Matthew Modine Saves the Alpacas: Turning Bad Reviews Around
As a theater reviewer for the website Edge Los Angeles, I recently reviewed Blair Singer’s play Matthew Modine Saves the Alpacas. I thought it would be a fun, campy play about a washed up 80s actor trying to turn his career around, and it was, sorta. The premise of the play is interesting but how it plays out is not. My friend and I were the only ones who laughed (and some of it did make me laugh) but most of the theater was quiet. The older couple next to me, who are regular Geffen theater attendees, didn’t like the show. They asked me if I was reviewing it and the wife gave a prompt thumbs down.
After I review a show, I always let myself think about it for at least a night so I don’t harshly judge something. As a former playwright, I can imagine negative reviews make a playwright want to stop writing, so I aim to be fair and look at it from all sides. But I still didn’t like it. The play was supposed to satirize Hollywood, but instead it was clumsy and sketch comedy at best. I did a quick search of recent reviews and found I wasn’t alone. The LA Times, Variety, Hollywood Reporter, LA Weekly all panned the play. I read the comments under the LA Times review by Charles McNulty with comments (I’m paraphrasing) like “it was supposed to be silly,” “reviewers don’t know much,” and “lighten up.”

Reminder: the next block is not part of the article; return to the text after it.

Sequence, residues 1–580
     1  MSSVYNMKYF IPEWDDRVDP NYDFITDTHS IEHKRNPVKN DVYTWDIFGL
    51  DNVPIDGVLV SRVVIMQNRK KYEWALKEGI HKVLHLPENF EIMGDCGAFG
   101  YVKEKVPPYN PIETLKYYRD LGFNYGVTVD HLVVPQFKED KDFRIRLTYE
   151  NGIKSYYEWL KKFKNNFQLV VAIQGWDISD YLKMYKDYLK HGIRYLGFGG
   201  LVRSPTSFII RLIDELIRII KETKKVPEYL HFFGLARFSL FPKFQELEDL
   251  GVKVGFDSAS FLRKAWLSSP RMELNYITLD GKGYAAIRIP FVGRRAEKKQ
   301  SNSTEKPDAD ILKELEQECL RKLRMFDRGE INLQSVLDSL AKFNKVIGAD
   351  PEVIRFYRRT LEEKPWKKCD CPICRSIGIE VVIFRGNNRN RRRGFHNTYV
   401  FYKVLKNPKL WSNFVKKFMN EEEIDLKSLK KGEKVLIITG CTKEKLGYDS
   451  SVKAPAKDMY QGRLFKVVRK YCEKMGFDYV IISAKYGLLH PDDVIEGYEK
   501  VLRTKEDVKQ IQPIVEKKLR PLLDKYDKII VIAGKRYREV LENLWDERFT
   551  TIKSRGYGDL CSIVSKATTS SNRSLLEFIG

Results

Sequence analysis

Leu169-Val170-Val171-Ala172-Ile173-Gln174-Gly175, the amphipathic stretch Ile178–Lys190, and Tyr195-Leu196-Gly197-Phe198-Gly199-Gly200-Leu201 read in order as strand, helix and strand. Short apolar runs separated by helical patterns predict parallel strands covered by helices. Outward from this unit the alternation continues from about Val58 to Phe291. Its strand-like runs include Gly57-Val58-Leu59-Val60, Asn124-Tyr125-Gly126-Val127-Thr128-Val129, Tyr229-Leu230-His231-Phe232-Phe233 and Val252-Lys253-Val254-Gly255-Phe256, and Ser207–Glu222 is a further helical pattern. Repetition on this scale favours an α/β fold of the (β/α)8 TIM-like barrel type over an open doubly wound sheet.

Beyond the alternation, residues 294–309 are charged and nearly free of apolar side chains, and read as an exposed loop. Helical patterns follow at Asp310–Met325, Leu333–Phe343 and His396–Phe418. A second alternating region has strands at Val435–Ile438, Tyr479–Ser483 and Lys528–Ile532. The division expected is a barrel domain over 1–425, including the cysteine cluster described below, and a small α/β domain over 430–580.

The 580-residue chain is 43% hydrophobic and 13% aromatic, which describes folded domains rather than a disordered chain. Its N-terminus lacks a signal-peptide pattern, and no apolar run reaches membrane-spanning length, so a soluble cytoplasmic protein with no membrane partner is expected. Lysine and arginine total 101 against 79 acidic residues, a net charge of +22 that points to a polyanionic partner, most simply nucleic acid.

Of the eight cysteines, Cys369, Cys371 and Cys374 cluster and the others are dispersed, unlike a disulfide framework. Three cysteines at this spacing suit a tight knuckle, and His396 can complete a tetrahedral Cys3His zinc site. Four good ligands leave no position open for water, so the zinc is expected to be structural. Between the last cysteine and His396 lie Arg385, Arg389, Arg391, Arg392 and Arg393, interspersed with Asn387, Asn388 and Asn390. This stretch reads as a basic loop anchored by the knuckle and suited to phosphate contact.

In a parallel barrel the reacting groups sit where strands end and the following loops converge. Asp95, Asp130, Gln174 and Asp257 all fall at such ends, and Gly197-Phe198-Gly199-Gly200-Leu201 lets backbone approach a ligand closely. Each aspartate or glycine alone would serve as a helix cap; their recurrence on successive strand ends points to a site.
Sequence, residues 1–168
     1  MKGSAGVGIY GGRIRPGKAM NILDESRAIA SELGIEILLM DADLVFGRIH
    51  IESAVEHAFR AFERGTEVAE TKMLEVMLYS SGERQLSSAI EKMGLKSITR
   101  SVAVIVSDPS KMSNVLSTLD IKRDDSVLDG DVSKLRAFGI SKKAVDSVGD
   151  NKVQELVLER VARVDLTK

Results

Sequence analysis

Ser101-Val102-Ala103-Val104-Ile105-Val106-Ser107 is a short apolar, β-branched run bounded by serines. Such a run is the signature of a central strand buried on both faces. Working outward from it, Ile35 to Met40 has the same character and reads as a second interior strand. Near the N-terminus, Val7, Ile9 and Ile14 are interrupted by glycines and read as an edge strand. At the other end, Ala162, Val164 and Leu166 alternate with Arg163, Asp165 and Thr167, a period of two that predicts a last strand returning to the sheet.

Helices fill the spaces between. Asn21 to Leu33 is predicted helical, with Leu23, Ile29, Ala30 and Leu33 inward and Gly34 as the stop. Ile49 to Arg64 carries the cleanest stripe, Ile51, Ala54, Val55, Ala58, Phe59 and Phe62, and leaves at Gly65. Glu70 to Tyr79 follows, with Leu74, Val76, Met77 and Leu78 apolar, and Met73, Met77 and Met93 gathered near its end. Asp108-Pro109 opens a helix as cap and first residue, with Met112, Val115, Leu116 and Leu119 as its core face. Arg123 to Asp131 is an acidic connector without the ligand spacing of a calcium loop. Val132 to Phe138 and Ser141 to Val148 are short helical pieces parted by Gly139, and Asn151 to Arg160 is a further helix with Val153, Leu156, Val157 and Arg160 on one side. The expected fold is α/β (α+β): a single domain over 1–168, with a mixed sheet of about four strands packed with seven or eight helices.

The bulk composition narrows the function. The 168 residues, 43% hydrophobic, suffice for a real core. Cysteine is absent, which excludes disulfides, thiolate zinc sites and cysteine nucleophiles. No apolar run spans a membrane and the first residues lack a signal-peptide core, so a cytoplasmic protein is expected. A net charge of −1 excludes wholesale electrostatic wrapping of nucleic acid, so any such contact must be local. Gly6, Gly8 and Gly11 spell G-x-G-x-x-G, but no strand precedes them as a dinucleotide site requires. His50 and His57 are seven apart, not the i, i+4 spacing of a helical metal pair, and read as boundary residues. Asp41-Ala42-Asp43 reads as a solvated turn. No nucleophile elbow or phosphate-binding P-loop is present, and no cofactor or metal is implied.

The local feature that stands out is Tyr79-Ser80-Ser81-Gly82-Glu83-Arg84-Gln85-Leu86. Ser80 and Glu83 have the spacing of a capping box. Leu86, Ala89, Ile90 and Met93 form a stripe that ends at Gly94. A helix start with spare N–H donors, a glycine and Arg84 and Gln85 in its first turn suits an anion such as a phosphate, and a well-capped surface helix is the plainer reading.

So what’s a play in LA to do when it gets trashed by LA press? Turn the bad reviews into good publicity.
From the LA Times article:
Pull quote: “Just plain crass… Loony? Definitely!”
What Charles McNulty’s L.A. Times review really said: “Suffice it to say that the flamboyant flourishes of this A-list flack seem strained, and the wit Singer inflicts on her, instead of being smutty in a satirically revealing way, is often just plain crass… A veteran of loony comedy, Rando keeps revving up the high jinks, but this backfiring spoof cries out for a cease-and-desist order.
Lesson learned: When your play is a lemon, make some campy lemonade.